Computation and the Humanities

Part of the series Springer Series on Cultural Computing pp 195-208

Open Access This content is freely available online to anyone, anywhere at any time.


It’s Probably the only Modestly Widely Used System with a Command Language in Latin: Manfred Thaller and Julianne Nyhan

  • Julianne NyhanAffiliated withDepartment of Information Studies, University College London (UCL)
  • , Andrew FlinnAffiliated withDepartment of Information Studies, University College London (UCL)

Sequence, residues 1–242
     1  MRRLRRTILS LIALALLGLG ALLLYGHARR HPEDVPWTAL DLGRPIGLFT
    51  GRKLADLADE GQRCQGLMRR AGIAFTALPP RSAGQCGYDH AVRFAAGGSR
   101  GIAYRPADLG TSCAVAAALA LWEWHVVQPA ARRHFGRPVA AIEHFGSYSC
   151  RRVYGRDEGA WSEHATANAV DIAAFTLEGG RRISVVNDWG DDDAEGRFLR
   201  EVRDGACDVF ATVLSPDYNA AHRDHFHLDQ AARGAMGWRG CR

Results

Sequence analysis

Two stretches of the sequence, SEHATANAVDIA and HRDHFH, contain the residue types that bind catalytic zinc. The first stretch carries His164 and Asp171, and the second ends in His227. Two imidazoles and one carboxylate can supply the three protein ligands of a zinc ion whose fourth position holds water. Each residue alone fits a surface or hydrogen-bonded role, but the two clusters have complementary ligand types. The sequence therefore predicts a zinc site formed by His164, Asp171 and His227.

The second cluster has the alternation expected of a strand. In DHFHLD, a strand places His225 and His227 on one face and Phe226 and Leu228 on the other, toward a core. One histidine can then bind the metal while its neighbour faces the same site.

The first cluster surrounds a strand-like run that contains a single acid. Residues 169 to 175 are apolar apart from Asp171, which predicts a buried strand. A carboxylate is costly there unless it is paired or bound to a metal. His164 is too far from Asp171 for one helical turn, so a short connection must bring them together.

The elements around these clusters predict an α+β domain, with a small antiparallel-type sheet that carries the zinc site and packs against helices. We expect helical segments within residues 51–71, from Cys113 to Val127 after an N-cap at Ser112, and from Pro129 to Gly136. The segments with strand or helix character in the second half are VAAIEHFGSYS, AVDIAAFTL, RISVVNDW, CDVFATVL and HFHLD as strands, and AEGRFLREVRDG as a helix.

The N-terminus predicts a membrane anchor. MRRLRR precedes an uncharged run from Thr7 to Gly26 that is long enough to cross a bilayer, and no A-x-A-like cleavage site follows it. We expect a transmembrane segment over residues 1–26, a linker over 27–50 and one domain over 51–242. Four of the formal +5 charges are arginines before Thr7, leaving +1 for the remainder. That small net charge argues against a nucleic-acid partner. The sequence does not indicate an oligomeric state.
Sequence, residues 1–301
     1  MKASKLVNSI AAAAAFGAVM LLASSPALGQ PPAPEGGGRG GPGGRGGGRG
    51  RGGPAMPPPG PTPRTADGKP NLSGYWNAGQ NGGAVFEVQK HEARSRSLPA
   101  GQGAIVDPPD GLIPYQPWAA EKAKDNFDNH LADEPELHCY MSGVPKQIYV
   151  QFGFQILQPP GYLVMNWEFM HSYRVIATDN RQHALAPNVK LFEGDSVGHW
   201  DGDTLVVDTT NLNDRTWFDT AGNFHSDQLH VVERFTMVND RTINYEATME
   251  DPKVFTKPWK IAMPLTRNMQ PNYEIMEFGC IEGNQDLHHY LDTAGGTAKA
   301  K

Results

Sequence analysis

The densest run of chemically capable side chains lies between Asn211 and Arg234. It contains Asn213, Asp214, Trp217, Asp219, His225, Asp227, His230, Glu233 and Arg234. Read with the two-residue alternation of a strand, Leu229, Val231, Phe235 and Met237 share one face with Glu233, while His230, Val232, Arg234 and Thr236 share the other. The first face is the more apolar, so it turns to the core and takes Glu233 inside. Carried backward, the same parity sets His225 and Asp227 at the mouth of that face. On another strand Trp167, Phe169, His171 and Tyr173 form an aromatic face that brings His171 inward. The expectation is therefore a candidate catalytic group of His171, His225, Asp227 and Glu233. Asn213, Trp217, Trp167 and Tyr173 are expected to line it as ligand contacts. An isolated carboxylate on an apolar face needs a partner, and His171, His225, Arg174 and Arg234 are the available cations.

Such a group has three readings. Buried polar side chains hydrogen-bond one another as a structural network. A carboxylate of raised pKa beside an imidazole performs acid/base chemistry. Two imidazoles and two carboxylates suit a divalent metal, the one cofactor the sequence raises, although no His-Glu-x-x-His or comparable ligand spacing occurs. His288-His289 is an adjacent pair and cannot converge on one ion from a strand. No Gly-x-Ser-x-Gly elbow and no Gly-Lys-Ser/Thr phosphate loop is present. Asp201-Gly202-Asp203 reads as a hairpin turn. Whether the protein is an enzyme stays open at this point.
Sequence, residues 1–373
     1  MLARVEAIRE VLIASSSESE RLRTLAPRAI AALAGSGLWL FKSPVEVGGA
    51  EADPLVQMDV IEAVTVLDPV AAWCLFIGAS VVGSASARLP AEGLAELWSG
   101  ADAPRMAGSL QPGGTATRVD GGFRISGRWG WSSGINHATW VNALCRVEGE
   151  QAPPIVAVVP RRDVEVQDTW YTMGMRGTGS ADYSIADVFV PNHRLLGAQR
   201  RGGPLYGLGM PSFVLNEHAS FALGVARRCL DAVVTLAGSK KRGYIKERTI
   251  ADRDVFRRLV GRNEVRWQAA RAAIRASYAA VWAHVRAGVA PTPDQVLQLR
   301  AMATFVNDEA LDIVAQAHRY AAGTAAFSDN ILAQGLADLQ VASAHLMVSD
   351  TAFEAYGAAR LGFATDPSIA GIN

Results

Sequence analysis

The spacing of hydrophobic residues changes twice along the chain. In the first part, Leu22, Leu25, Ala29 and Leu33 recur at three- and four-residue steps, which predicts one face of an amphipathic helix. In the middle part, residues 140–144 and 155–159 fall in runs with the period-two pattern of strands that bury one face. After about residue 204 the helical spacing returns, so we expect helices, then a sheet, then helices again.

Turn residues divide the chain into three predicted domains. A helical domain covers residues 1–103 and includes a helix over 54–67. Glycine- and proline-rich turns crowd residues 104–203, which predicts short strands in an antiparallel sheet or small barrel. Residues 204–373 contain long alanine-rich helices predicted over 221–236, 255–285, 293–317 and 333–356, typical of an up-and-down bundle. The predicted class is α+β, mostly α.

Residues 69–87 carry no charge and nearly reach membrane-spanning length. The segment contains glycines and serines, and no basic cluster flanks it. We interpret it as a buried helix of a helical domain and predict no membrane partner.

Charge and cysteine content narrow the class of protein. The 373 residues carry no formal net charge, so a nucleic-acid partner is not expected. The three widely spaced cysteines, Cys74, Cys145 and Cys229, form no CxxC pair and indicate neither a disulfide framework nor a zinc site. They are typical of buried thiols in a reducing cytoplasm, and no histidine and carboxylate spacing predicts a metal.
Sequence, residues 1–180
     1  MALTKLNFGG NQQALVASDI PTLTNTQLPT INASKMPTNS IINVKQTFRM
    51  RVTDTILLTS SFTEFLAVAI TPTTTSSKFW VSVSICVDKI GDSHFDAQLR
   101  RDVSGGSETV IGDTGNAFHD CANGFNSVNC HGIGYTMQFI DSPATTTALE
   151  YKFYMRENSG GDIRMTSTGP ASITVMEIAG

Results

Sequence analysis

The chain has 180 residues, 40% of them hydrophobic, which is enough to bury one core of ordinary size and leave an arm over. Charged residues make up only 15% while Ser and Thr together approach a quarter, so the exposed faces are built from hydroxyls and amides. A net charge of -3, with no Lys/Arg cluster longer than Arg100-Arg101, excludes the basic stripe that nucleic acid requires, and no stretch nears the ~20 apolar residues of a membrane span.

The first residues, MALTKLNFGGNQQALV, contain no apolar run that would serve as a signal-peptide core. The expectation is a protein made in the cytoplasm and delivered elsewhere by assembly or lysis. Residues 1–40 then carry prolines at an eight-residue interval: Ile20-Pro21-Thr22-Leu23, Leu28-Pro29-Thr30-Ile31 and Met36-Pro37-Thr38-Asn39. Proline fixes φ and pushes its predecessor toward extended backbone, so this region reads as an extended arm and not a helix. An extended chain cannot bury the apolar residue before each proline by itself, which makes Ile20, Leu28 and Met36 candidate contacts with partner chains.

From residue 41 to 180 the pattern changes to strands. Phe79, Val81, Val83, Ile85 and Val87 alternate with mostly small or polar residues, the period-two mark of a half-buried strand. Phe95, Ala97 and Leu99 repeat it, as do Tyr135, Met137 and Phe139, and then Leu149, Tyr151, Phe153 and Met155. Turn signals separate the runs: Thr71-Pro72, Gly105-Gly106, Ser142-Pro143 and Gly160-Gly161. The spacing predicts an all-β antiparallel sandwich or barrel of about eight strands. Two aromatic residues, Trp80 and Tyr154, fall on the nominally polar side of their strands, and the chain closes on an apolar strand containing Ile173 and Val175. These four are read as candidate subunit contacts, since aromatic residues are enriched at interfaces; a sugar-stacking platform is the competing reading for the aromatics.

This interview took place on 9 July 2014 at dh2014, the Digital Humanities Conference that was held in Lausanne, Switzerland that year. In it Thaller recalls that his earliest memory of encountering computing in the Humanities dates to c. 1973 when he attended a presentation on the use of computational techniques to map the spatial distribution of medieval coins. The difficulties of handling large, paper-based datasets was impressed upon him as he compiled some 32,000 index cards of excerpts for use in his PhD thesis. When he later encountered statistical standard software at the Institute for Advanced Studies in Vienna he found that such software could not be beneficially applied to historical data without first transforming in some way the historical data under study (indeed, the formalisation of historical and cultural heritage data is an issue that reoccurs in this interview, much as it did in Thaller’s research). In light of his experience of the problems of using such software ‘out of the box’ to work with historical data he went on to teach himself the programming language SNOBOL. Within a few weeks he had joined a project on daily life in the middle ages and was building software to manage the descriptions of images that the project compiled and stored on punched cards. Having contributed to various other projects with computational elements, in 1978 he took up a post at the Max Planck Institut for History in Göttingen. As well as discussing the research he carried out there, for example, CLIO/kλειω a databased programming system for History with a command language in Latin, he discusses the immense freedom and access to resources that he benefitted from. He also goes on to discuss some of the later projects he worked on, including those in the wider context of digital libraries, infrastructure and cultural heritage.